|Organization:||State Ethics Commission|
Settlement In the Matter of Wolfgang Bauer
Table of Contents
The State Ethics Commission ("Commission") and Wolfgang Bauer
("Bauer") enter into this Disposition Agreement ("Agreement")
pursuant to s.5 of the Commission's Enforcement Procedures. This
Agreement constitutes a consented to final order enforceable in the
Superior Court, pursuant to G.L. c. 268B, s.4(j).
On March 30, 1994, the Commission initiated, pursuant to G.L.
c. 268B, s.4(j), a preliminary inquiry into possible violations of
the conflict of interest law, G.L. c. 268A, by Bauer. The
Commission has concluded its inquiry and, on April 11, 1995, found
reasonable cause to believe that Bauer violated G.L. c. 268A, s.3.
The Commission and Bauer now agree to the following findings
of fact and conclusions of law:
Findings of Fact
1. Bauer is the Franklin town administrator. As town
administrator, Bauer is the chief executive officer of the town and
is responsible for the effective administration of all town affairs
placed in his charge by or under the town charter.
2. As town administrator, Bauer occasionally participates in
matters concerning private construction projects in town. For
example, Bauer occasionally attends meetings of and makes
recommendations to the zoning board of appeals, the planning board
and the conservation commission. He is involved in matters
concerning zoning bylaw enforcement, bond posting, the setting of
commercial developers fees and establishing development conditions
(such as betterments, sidewalks, traffic studies, etc.). Bauer
also appoints, subject to the consent of the City Council, and has
the ability to terminate the building inspector and other major
3. During the relevant period, Patrick Marguerite
("Marguerite") and Francis Molla ("Molla") were builders/developers
each independently involved in various private construction
projects in the Town of Franklin. Marguerite and Molla had
completed projects, had pending projects and expected to have
additional projects in Franklin. In connection with these
projects, they each have had matters before the building
department, the planning board and the conservation commission. In
furtherance of these projects, both Marguerite and Molla have had
dealings with various town officials including Bauer as town
4. At all times here relevant, Marguerite, Molla and/or
their families owned an apartment building in Franklin called the
Union Square Apartments.
5. In February 1992, Bauer was looking for an inexpensive
apartment to rent until his divorce was resolved, as he was living
out of a hotel room. The Union Square Apartments had many vacancies.
6. Bauer, Marguerite and Molla entered into an oral
agreement that allowed Bauer to rent one of the vacant Union Square
two bedroom apartments at a reduced rent ("the apartment"). Bauer,
Marguerite and Molla testified that they agreed that Bauer could
rent the apartment at the reduced rate until Molla and Marguerite
could rent the apartment at the prevailing market rate, at which
time Bauer would either have to leave or pay the full rent.
7. Union Square two bedroom apartments rented for $500 and
up per month. There were no set rental values for all two bedroom
apartments, as the
apartments were assigned rental values based upon their distance
from the end of the building; farthest away from the railroad
tracks had a higher rent, and those next to the railroad tracks had
a lower rent. Molla, or his agent, selected the apartment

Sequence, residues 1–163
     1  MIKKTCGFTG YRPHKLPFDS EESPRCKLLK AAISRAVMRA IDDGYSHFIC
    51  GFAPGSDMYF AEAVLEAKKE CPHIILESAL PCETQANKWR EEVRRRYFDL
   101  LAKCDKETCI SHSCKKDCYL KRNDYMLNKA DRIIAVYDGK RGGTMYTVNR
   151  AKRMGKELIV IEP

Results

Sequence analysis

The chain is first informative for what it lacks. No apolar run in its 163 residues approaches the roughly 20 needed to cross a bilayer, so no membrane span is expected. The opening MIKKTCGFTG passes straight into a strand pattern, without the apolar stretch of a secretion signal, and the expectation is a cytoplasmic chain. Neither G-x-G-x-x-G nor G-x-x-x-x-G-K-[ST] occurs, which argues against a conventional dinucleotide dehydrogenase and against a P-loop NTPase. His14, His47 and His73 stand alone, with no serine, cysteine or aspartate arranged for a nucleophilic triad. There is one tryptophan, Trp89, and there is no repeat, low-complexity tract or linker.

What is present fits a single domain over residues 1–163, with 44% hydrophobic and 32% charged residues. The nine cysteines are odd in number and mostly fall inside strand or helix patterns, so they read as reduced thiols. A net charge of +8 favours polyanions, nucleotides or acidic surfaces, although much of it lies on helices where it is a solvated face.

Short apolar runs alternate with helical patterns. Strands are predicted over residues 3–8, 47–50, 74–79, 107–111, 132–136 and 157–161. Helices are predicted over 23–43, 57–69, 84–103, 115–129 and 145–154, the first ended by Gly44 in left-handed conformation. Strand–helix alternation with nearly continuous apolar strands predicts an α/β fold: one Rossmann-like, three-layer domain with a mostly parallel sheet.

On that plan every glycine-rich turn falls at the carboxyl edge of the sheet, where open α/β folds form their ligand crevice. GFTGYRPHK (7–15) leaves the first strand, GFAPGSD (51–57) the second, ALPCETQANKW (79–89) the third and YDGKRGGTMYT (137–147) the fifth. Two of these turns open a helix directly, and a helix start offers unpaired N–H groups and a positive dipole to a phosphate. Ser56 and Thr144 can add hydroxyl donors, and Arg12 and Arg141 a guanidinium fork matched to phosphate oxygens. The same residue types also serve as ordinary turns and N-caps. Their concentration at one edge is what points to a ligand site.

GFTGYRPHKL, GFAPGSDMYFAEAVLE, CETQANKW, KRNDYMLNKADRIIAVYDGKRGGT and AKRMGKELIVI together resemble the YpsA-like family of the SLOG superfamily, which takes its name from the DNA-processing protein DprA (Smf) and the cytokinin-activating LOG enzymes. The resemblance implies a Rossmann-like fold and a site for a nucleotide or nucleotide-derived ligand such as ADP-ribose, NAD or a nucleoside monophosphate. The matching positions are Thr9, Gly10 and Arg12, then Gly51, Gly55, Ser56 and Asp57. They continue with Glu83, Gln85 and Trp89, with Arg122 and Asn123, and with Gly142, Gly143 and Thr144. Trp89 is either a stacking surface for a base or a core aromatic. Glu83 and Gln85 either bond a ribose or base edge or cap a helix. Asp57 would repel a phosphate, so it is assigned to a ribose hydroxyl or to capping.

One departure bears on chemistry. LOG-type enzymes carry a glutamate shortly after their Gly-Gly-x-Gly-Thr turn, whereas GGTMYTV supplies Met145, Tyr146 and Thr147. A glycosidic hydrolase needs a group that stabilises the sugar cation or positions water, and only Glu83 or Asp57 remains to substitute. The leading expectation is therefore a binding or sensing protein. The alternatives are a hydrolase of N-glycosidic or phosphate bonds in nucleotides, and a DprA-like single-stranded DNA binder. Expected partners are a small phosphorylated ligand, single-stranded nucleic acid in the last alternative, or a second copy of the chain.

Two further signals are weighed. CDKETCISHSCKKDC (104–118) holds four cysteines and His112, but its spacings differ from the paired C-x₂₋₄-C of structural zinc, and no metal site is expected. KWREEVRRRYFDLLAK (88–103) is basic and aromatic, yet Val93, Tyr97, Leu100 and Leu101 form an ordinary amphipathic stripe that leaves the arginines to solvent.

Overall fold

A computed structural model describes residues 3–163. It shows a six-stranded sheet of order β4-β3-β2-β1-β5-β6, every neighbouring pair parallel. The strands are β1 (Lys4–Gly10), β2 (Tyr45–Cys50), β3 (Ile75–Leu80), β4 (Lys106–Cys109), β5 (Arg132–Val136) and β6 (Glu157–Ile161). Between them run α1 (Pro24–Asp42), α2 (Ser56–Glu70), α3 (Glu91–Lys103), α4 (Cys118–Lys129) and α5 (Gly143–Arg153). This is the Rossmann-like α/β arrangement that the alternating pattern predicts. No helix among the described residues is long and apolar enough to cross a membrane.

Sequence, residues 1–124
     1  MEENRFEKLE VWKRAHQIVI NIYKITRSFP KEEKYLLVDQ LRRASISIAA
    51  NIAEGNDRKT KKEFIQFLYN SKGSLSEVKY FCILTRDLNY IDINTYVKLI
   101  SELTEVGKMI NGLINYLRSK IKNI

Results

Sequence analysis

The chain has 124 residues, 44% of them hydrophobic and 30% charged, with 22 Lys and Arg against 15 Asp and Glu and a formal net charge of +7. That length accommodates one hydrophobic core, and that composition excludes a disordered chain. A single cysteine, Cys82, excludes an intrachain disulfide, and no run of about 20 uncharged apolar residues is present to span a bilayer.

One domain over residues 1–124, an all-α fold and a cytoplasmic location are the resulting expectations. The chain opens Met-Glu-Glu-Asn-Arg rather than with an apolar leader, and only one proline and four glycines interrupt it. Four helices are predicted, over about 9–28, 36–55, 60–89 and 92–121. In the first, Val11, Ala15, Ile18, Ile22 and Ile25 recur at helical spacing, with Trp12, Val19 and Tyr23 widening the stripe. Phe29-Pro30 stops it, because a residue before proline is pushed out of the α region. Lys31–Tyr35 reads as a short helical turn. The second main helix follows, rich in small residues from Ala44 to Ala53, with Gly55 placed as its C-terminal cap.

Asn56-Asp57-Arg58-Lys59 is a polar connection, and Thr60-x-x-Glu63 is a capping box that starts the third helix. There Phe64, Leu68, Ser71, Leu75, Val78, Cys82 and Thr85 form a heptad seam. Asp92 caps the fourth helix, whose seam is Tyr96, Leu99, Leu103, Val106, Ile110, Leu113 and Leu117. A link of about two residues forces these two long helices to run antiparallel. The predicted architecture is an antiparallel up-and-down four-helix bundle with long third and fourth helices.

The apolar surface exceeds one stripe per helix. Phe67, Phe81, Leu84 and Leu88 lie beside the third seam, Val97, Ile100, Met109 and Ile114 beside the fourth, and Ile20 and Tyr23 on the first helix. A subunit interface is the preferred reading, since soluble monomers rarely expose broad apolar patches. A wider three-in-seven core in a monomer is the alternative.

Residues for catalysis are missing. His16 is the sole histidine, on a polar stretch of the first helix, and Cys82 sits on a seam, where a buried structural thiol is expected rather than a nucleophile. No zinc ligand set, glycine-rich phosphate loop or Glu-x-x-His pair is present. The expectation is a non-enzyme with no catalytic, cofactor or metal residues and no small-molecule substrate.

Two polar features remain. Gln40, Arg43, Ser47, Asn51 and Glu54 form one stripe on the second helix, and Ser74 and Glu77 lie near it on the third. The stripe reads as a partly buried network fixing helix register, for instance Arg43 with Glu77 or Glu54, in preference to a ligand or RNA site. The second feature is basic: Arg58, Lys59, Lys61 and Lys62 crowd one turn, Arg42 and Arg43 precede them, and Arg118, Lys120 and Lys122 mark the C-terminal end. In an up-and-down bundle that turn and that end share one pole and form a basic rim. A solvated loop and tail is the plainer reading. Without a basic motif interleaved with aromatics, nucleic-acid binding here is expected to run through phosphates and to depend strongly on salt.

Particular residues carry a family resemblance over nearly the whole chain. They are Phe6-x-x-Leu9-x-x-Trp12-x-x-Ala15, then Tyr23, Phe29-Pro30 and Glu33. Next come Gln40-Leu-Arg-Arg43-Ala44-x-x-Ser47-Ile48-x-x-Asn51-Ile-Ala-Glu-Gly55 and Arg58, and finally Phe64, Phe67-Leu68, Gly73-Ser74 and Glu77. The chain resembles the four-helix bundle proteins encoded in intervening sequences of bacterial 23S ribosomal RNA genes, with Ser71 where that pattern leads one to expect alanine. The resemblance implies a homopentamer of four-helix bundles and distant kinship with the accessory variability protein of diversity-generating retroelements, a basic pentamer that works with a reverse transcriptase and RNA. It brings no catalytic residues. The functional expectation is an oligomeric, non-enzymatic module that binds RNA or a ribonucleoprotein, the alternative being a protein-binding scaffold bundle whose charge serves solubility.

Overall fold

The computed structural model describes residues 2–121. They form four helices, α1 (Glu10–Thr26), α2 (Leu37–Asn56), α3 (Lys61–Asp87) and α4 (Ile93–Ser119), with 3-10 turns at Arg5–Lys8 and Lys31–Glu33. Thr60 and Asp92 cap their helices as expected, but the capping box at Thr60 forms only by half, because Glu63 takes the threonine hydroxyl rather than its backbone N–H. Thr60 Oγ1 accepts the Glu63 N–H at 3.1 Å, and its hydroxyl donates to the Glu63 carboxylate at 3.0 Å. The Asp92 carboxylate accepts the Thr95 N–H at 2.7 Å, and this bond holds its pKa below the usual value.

that Bauer would occupy based on the existing vacancies. Bauer and
Molla testified that Bauer paid $200 rent each month for the
apartment he occupied. There were always vacancies during Bauer's
8. Bauer rented the apartment under this arrangement from
February 1992 until September 1994 (31 months), when Marguerite
and Molla transferred ownership of the apartment building to a bank
in lieu of foreclosure.
Conclusions of Law
9. Section 3(b) of G.L. c. 268A prohibits a municipal
employee from accepting anything of substantial value for or
because of any official act or act within his official
responsibility performed or to be performed by him.
10. Anything with a value of $50 or more is of substantial
value for s.3 purposes.
11. The above-described reduced rent rate was of substantial
value each month.
12. By accepting a reduced rental rate each month while he
then was, recently had been and/or soon would be in a position to
take official action concerning Marguerite's and Molla's projects
in town, Bauer accepted an item of substantial value for or
because of official acts or acts within his official responsibility
performed or to be performed by him. In doing so he violated G.L.
c. 268A, s.3(b) each month.
13. The Commission is aware of no evidence that the rental
arrangement referenced above was provided to Bauer with the intent
to influence any specific act by him as town administrator. The
Commission is also aware of no evidence that Bauer took any
official action concerning any of Marguerite's or Molla's projects
in return for the gratuities. However, even though the gratuities
were only intended to foster official goodwill, they were still
14. Bauer fully cooperated with the Commission's
In view of the foregoing violation of G.L. c. 268A by Bauer,
the Commission has determined that the public interest would be
served by the disposition of this matter without further
enforcement proceedings, on the basis of the following terms and
conditions agreed by Bauer:
(1) that Bauer pay to the Commission the sum of ten thousand
dollars ($10,000) as a civil penalty for his course of conduct
in violation G.L. c. 268A, s.3; and
(2) that Bauer waive all rights to contest the findings of
fact, conclusions of law and terms and conditions contained in
this agreement or any other related administrative or judicial
proceedings to which the Commission is or may be a party.